Stack Overflow released the results for their Developer Survey for 2019 and I’ve been poring over them all morning! The annual survey provides a great look at what developers around the world are working in, care about, or generally hold strong opinions on. (I know. That seems so out of character for software engineers.) With nearly 90,000 developers weighing in on the multitude of topics, it’s an incredible resource on everything from the rising and falling popularity of programming languages to how fast different genders feel they finally overcome imposter syndrome. Let’s take a look at some of the more interesting takeaways that I’ve read so far!
These Pythons are Sick!
As an ex-instructor for coding bootcamp students, I’ve spent an incredible amount of time trying to help students entering the workforce fight against imposter syndrome. While those afflicted by this self-doubt are generally newer in their careers, it follows even the best and brightest of us when we switch positions or start to work outside of our comfort zones. I’ve found that the best means of helping new developers overcome this feeling of inadequacy is to illustrate to them that even developers with years of experience still face the pain of imposter syndrome.
In the survey, respondents were asked to evaluate themselves for their years of experience versus considering themselves above average coders. Interestingly enough, most developers didn’t consider themselves above average until at least 5 years into their career, with women and non-binary coders taking nearly twice that time for the majority to feel like they were better than average. Without going into the clear and obvious disparity between men and their counterparts, which absolutely presents an issue that should be highlighted and brought into a larger discussion elsewhere, this should be a good indicator to those starting their career that their feelings of imposter syndrome are not unique to them.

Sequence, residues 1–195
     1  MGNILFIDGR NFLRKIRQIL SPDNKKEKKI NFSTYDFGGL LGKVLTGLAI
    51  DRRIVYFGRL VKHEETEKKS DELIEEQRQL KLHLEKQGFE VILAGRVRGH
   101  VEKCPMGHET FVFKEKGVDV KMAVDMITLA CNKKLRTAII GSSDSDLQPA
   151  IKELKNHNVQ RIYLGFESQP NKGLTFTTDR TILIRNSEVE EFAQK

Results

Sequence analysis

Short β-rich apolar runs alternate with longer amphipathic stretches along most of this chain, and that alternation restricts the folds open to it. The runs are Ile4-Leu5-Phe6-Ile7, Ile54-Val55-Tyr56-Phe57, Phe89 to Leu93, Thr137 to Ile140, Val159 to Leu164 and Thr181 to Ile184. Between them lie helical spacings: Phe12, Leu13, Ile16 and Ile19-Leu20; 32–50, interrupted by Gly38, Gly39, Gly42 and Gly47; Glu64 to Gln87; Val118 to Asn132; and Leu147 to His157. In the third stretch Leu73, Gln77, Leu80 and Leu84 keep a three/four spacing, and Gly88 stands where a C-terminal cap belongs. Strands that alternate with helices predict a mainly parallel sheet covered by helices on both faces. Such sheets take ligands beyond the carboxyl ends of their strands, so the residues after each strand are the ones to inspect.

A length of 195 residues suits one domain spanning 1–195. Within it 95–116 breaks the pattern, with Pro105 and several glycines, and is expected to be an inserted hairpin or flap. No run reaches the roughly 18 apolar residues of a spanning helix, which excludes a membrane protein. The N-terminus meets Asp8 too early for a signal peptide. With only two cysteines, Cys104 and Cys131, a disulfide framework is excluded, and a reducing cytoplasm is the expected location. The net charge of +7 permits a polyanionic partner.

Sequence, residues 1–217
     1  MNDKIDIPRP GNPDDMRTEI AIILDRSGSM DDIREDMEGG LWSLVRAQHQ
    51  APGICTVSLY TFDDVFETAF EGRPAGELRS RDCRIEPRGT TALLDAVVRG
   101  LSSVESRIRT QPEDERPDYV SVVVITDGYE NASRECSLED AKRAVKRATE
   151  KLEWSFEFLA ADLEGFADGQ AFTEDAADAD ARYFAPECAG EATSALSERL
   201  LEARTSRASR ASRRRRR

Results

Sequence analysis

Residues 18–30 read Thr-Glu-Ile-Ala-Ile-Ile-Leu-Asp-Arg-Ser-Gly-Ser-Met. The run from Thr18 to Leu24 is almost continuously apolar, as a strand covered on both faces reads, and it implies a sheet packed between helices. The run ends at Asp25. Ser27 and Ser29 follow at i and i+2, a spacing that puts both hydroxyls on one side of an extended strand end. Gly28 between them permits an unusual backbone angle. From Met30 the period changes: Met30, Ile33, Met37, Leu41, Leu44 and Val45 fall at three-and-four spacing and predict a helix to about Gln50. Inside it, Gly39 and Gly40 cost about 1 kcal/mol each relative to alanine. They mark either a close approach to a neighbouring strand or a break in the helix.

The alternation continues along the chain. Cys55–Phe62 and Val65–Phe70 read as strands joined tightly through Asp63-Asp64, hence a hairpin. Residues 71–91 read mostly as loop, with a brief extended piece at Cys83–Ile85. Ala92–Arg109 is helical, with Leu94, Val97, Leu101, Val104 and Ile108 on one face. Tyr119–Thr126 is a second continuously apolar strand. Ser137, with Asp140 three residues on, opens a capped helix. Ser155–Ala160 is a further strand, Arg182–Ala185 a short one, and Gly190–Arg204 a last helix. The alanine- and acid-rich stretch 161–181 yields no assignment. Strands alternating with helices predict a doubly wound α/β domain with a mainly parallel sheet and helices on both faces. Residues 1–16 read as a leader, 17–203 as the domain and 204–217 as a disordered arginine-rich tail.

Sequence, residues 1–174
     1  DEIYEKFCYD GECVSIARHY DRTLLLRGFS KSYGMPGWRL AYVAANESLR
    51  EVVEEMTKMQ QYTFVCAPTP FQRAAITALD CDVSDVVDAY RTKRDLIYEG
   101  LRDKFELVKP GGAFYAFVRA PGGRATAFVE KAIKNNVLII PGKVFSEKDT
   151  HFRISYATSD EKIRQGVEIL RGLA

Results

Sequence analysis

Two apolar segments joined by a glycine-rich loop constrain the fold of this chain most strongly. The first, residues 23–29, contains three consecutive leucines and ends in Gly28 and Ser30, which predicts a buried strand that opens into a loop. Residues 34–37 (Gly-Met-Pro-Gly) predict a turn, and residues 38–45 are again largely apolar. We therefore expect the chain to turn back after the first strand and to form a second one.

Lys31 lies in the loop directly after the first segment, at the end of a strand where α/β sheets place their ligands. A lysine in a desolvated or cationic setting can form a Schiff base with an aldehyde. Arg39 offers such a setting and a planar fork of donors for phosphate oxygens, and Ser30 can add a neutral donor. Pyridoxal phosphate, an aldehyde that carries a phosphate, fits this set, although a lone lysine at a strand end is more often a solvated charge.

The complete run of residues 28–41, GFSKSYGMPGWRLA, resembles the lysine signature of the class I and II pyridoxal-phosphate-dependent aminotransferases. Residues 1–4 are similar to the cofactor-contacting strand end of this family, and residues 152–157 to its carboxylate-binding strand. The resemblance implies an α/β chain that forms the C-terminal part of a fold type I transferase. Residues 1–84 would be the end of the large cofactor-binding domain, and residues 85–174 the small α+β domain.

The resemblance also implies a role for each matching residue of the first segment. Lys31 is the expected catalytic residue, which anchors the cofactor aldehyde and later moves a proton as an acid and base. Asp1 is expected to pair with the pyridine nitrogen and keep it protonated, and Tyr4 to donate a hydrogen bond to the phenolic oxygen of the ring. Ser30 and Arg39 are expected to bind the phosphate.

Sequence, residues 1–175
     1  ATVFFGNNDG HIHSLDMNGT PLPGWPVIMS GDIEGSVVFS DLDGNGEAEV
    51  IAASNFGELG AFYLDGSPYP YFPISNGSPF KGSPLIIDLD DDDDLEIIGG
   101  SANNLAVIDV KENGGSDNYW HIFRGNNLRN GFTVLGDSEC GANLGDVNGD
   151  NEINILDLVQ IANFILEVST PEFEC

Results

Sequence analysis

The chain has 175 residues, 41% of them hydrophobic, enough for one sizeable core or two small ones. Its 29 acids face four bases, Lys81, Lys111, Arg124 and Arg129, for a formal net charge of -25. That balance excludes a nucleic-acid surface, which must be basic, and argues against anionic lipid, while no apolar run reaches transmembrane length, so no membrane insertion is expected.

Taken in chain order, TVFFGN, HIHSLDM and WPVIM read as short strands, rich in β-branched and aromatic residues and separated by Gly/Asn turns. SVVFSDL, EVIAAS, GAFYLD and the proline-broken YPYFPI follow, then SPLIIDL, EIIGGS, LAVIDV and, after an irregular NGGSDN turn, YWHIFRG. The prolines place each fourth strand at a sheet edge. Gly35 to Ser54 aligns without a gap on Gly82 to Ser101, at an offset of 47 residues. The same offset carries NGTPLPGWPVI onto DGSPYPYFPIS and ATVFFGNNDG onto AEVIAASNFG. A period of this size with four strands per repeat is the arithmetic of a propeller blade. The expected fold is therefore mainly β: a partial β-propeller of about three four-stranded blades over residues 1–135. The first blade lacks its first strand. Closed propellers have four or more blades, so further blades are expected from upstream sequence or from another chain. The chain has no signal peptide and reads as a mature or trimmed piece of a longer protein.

DevOps specialists and site reliability engineers reported that they are among the highest paid and most satisfied with their jobs, while not surprisingly also being among the lowest number of engineers looking for new positions. In modern applications with a user base that rely on its services daily, downtime will quickly spell disaster. As a result, these have become some of the most sought after and financially rewarding positions in the industry. Our own DevOps guru, David Thorman, has decided to celebrate by buying a small island.
Hack to the Future!
One of the more interesting questions asked in this survey was outlook towards the future, in terms of general positivity, of developers in different countries. Specifically, whether people born today would have a better life than their parents. The question came about because of a yearly Gallup poll with the same inquiry that, last year, found that 61% of people in the United States believed that the outlook of the future generation was positive. This was the highest number in the Gallup poll since 2010, and the Stack Overflow results mirrored that exactly, with 61.1% of developers from the US replying they also viewed the future outlook as positive. China topped the list of countries where developers believed that children born today would live a better life than their parents with 81%, while France, Germany, Italy, and a handful of other Western European countries rounded out the bottom of the list.